Do you speak the same language as your audience?
We’ve all seen him before. The enthusiastic executive presenting to his team, indulging everyone with jargon as ‘maximizing our shareholder value’ and ‘core customer retention’. He expects his audience to know and care about the subject as deeply as he does. They don’t. In fact, they would have understood just as much had he been speaking in Chinese.
The best explanation for executives’ love affair with fuzzy strategy statements relates to a phenomenon called the Curse of Knowledge. Dan and Chip Heath explain this phenomenon in my favorite book Made to Stick. They offer six principles that determine whether particular ideas or stories will stick. I believe the reason we aren’t surrounded by dazzling presentations today is because of this Curse of Knowledge.
When we know something, it becomes hard for us to imagine not knowing it. As a result, we become rotten communicators. As the brothers Heath put it: ‘People tend to think that having a great idea is enough, and they think the communications part will come naturally. We are in deep denial about the difficulty of getting a thought out of our own heads and into the heads of others.’
A typical example would be the lawyer who can’t give you a comprehensible answer to any legal question. Or the doctor mumbling medical abstractions that make you suspect the worst. Their vast knowledge and experience renders them unable to fathom how little you know. And hold on to your seats: we’re all like the lawyer and doctor in our own domain of expertise. The more experience we get in our field of expertise, the more unnatural it becomes to communicate those ideas clearly.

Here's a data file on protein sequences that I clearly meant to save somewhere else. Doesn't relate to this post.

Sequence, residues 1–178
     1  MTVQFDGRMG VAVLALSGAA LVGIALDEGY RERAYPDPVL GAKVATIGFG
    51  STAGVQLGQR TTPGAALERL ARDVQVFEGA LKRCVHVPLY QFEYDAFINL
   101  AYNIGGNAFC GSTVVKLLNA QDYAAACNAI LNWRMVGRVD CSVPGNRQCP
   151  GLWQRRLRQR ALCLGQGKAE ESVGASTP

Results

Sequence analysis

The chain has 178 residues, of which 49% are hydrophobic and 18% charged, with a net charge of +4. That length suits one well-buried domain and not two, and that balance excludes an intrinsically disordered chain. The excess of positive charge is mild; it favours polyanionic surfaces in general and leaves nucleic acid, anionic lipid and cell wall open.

So how do we transform our ideas so our audience will understand us? Here’s 5 simple steps:
- Translate your presentation into concrete language. I always use the term ‘speak in watermelons’. With the word ‘watermelon’, everyone has the same idea and visualization. ‘Shareholder maximization’ means different things to different people.
- Structure your presentation. Structure ensures that you stick to the point and prevents you from dumping all your knowledge onto your audience.
- Keep your presentation simple. Cut out unnecessary details and distinguish the need-to-knows from the have-to-knows.
- Present to a friend from another line of business (or your spouse). Let him/her tell you which parts were too difficult to follow.
- If your work with a PowerPoint presentation, ask yourself at every slide: is this slide about me wanting to share everything I know with my audience or is it about the audience? If it’s about you, delete it.
Let me finish with an example from the book. When JFK informed the public about his space plans, he magnificently dodged the curse by rephrasing his vision as ‘putting a man on the moon in a decade’. A modern-day CEO would have probably said: ‘Our vision is to become the global leader in the space industry, using our capacity for technological innovation to build a bridge towards humanity’s future.’ Can you imagine what would have happened to our moon walk had that been the case?
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